It has only been 4 weeks or so since our latest field was finally fenced and the mums & baby (crias) llamas had the chance to try it out and start eating the grass that was in there, but sadly this has got to come to an end!

Why, well the rain has made the field very boggy, it hasn’t recovered from the fencing contractors churning it up as they made a mess of gateways and vast areas of the field as they went about their work and the rain has meant that the llamas now labour through 4-6″ of mud to get into the shelter area to feed and drink! The crias in particular are not enjoying the exercise and so it is time to move them back!

The winter paddocks are not yet fully recovered from being over grazed during the summer, but as the grass has stopped growing and we have plenty of hay in store, we think it is right to get them out of the new field, which after all was only meant for summer grazing and into the paddocks closer to the house which have better shelters for the expected rain that is bound to follow!

A busy day tomorrow! Just hope it stays dry!

It’s an optical illusion!

A short while ago, we had a field shelter put in one of our fields and the plan was to put some guttering on the back to collect rain water so that we didn’t have to traipse drinking water that far away from the house!

The shelter had a pent like roof that sloped front to back, but the field sloped downhill and the water actually ran off the front of the shelter.

The llamas were not too impressed with that as it meant they had to cross a curtain of water to get into the field shelter and we weren’t too impressed as the water would have flowed into the guttering that was due to be fixed today!

So, today we had to spend an hour gradually lifting the front of the shelter (a 12′ * 10′ shelter is not a light object) using a small crowbar and a series of stones to raise the height. We managed to get a few blocks to hold the weight at either end and one in the middle, underneath the skids and hey presto the roof now slopes the right way.

However, looking at it, it looked fine before but wasn’t, it doesn’t look fine now, but is!

weird!

It’s very muddy!

The girls are enjoying their fun in the new field – plenty of grass to eat, plenty of hedgeline to munch on, a big mound to clamber over…but…..

…the fencing contractors left a lot of muddy patches, and the worst one is right next to the corral where they come to feed, so tonight’s task was to get some sheep hurdles down there to block off a large area where they will now not be allowed to walk on until the spring.

It needs to be raked, rolled and seeded pretty soon so that come the spring the grass has grown, the ground has hardened, and they’ll be able to walk on it without sinking six inches into the mud!

It’s pretty yuckie down there and I feel sorry for the llamas as it is obvious that they do not like it, but unfortunately the weather isn’t going to improve enough this side of next spring!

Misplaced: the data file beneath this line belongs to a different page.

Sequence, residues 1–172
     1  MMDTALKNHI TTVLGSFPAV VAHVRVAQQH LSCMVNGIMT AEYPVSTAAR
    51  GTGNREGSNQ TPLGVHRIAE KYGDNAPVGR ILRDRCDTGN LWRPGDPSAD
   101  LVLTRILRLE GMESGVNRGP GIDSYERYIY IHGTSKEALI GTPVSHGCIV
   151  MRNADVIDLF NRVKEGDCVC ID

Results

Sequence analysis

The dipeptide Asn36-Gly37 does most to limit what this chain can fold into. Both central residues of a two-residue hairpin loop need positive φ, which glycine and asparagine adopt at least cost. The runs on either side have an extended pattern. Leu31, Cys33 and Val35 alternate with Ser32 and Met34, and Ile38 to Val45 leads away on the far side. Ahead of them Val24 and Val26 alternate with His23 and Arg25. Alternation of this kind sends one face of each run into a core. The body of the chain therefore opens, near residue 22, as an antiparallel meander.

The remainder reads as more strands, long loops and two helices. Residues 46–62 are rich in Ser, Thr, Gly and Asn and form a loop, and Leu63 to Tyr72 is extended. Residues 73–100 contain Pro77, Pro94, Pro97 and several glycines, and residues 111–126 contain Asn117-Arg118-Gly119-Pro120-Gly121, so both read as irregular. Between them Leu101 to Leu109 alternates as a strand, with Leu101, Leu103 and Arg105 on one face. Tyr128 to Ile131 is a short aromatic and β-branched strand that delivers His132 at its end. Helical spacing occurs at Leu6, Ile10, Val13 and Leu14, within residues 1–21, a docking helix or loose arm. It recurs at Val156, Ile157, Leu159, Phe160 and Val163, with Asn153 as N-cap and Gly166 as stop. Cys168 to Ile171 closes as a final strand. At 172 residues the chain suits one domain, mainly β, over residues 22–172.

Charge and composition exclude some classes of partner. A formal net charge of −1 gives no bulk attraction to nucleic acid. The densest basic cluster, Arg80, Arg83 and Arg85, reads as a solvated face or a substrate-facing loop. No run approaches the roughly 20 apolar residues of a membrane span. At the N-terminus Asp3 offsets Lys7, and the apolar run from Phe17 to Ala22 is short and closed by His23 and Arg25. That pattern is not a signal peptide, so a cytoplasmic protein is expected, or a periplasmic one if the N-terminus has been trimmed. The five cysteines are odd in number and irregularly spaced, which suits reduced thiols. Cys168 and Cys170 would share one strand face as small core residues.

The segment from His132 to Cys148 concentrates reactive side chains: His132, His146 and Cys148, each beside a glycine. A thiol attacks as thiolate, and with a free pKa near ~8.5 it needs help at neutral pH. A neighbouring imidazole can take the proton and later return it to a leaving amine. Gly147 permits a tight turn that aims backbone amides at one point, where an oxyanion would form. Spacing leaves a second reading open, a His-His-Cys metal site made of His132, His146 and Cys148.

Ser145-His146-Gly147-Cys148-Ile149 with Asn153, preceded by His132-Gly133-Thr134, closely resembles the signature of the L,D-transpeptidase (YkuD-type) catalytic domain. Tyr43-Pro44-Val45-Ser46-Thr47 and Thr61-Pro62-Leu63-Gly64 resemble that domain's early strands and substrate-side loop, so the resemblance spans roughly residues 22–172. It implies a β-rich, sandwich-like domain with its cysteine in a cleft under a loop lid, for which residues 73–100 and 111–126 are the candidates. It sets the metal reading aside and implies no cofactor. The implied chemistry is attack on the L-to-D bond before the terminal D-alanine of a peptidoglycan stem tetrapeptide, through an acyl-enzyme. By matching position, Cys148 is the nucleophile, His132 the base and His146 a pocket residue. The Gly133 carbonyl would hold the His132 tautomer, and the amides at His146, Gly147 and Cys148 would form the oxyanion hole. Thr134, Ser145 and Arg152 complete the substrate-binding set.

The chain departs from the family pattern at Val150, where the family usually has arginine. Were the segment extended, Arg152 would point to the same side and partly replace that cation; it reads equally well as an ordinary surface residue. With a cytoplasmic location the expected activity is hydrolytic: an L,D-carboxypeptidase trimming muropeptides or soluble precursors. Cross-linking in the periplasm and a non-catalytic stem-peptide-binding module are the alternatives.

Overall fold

For me though there is a few weekends of hard work ahead!

The llamas finally made it into their new field!

Back in April we were lucky enough to buy a few more acres of land!

Last year we decided to increase the herd and had been renting a couple of acres, but this was still not enough and an opportunity arose that would give us another 7 acres (2 big 3.5 acre fields) and a small plot that would link them to our existing land.

The boy llamas were lucky, they moved out of the rented field in May-ish and have a full 3.5 acres to play in – mound and all! The girls however have had to wait for the fencing contractors to finish their work, which included taking a bank out at the bottom of one of our existing fields to make a short walkway to join the two up!

This was finally finished on Friday and so fixing a corral around the field shelter and moving all of the feed bowls, water trough and the like took us all day Saturday so that this morning they could spend the day getting used to their new surroundings!

The thing I like about llamas is that they are curious animals, maybe just nosey, but when the gate opened that they had never been allowed through before off they trotted to see what was there – they followed the well marked trail and ended up in the new field where they proceeded to run and jump, even the old ‘uns, and dare I say gambol in their new surroundings!

So, it is now very lonely around the house and the cottage as there are no llamas! They will spend the next 5-6 weeks in the new field as we clean and prepare the paddocks close to the house for winter, for it will be here that the mums and babies will spend the winter, not in their new field which we have set aside for summer grazing! However, due to the delay in getting the fencing done the paddocks around the house are now in need of a rest!

It’ll keep us fit though – the extra walking to this new field!